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Shapiro will bring forward thinking to Jays

TORONTO – In a whirlwind month where just about everything has gone right for the Blue Jays with an eye on October, they hit another home run last week with an eye on the future. The hiring of Cleveland president Mark Shapiro to a similar role in Toronto to replace the retiring Paul Beeston is a big win in this view. 

Shapiro is a sort of curiosity with Toronto media and fans who have never dealt with him. But I’ve known him going on 20 years, all the way back to when he was a 28-year-old farm director running operations for the Indians as their Triple-A affiliate was coming to Buffalo in 1995. He’s a visionary, someone with out-of-the-box ideas who is so respected around the game he’s on the prestigious Competition Committee and was talked about in some circles as a candidate to replace Bud Selig.

Shapiro is 48 and has been with the Indians for exactly half his life. Leaving Cleveland after the season had to be a gut-wrenching decision but this is a unique time in Blue Jays history. They’re on the rise with revenues exploding, and there’s plenty of work at hand to renovate the now 26-year-old Rogers Centre. Speaking to reporters last week in Cleveland, Shapiro called the Toronto job “compelling and unique.”

“I feel like through all professional sports, this is one that fits my skill set and fits what provides fulfillment to me on a daily basis,” he said. “When I think about who I am as a person - and for those of you that know me - I’m a lot about wanting to become better, wanting to grow, wanting to develop. To do that, you have to be challenged. To do that, you have to take on new challenges and sometimes be a little uncomfortable.”

Shapiro brought a unique, holistic approach to the Indians’ minor-league system, where the personal side was attended to as much as the on-field talents. The Tribe was the first team to run winter development programs for their prospects focusing on life skills as well as baseball.

Shapiro built the Bisons’ 1997 championship team, and was responsible for the iconic trade that brought Buffalo legend Jeff Manto from Syracuse. He was in the clubhouse on that memorable night in Des Moines, Iowa, when the Bisons wrapped up their first league championship in 36 years by winning the final American Association title.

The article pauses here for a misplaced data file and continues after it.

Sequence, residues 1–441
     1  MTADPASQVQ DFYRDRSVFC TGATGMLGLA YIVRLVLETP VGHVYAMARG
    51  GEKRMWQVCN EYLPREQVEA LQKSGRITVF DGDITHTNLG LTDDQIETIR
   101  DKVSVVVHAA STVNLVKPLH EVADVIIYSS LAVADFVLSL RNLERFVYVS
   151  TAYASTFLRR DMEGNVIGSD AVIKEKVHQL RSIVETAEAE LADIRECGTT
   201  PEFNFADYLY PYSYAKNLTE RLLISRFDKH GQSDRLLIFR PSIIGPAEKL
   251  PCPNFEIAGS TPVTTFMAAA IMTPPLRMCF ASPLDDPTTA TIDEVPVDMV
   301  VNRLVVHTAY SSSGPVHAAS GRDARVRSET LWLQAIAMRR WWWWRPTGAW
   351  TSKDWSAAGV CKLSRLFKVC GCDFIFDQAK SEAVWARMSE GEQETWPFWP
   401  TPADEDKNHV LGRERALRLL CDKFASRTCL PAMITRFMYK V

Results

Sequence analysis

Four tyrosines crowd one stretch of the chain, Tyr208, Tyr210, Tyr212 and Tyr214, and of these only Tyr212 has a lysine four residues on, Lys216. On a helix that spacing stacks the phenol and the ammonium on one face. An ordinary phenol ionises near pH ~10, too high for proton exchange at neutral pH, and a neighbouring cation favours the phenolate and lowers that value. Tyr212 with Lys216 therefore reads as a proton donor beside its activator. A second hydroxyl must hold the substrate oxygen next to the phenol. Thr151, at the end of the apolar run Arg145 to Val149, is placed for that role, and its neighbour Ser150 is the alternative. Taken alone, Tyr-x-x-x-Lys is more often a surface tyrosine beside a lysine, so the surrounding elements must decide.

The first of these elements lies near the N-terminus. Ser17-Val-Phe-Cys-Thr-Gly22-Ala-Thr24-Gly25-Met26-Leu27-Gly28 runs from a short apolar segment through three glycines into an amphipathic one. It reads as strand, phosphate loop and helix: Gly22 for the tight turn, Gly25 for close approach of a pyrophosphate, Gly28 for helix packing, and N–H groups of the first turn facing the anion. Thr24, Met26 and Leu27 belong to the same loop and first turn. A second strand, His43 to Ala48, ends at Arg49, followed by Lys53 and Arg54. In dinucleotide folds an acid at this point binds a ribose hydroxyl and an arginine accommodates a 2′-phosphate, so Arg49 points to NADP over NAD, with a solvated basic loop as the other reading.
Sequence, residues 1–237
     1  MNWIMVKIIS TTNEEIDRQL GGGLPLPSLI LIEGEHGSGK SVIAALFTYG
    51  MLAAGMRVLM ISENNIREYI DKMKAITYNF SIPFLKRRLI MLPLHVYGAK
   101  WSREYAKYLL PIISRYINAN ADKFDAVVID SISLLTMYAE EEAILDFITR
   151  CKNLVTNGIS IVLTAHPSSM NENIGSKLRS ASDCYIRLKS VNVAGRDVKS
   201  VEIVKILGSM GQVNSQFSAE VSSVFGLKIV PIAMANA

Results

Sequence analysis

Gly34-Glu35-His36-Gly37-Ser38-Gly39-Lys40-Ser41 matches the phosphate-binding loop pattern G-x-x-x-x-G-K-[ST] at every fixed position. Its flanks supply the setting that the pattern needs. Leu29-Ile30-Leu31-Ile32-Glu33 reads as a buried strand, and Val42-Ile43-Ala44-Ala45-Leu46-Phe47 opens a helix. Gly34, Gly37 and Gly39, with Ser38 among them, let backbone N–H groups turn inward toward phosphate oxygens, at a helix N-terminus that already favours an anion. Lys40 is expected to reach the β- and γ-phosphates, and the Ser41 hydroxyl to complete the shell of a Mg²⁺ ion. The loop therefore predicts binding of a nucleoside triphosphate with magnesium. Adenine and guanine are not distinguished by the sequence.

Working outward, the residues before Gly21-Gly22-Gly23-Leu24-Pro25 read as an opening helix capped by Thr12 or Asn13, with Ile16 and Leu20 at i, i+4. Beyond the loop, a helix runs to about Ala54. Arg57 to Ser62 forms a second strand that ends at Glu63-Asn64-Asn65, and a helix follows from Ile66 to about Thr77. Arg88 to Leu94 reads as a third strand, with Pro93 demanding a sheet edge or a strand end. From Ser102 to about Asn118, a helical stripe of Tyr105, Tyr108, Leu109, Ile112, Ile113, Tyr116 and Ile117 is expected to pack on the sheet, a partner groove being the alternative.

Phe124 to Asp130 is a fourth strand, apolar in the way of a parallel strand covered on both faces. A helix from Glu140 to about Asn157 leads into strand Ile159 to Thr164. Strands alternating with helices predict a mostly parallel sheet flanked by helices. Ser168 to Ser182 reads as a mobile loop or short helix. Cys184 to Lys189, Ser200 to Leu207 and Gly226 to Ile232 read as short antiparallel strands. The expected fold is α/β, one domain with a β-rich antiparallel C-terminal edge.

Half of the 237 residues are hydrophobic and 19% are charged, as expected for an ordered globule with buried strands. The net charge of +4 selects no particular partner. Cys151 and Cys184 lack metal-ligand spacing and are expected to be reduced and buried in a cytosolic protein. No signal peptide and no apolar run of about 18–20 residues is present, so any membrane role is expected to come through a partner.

Ten years later, with the champagne again flying all around us, Shapiro was all smiles talking to me in the clubhouse at old Yankee Stadium after the Indians won the AL Division Series in Game Four against the Yankees. Now the general manager, Shapiro put together an Eric Wedge-managed team filled with former Bisons.

Yes, Shapiro is the guy who traded Cy Young winners in consecutive years (CC Sabathia and Cliff Lee) but he also acquired Grady Sizemore, Lee and Brandon Phillips for Bartolo Colon. He was AL Executive of the Year in both 2005 and 2007.

How will he do working for a conglomerate like Rogers Communications rather than working for a family-run team like the Indians? It might be an adjustment but it’s likely Rogers will give Shapiro a pretty blank canvas with the ballpark.

The extensive renovation work the Indians have done with Progressive Field certainly made Shapiro attractive to the Blue Jays, who are looking at $200-$400 million in renovation to the Rogers Centre in coming years. The plan has the stadium, which dates to 1989, going to natural grass by 2018.

“I will have a laundry list of things to get acquainted with,” Shapiro said. “Their stadium is a mature stadium that is in need of redevelopment. I think process, more than particulars, will be helpful in leading that process.”

Indians manager Terry Francona has an opt-out in his contract if Shapiro leaves but said he’s not planning to use it.

“The happiness for Mark outweighs the fact we’re all going to miss him a ton,” Francona said. “This guy is a combination of intelligent probably bordering on … he’s just that smart. He takes that intelligence, is very driven and organized. And then you take it with his people skills because he cares about people more than anything else and it’s a nice combination. Anybody he comes in contact with will get better.”

Shapiro had an emotional meeting with Francona and the Cleveland coaches last Sunday. After Francona was fired in Philadelphia, he spent the 2003 season as a special assistant for Shapiro and that started a long-term friendship.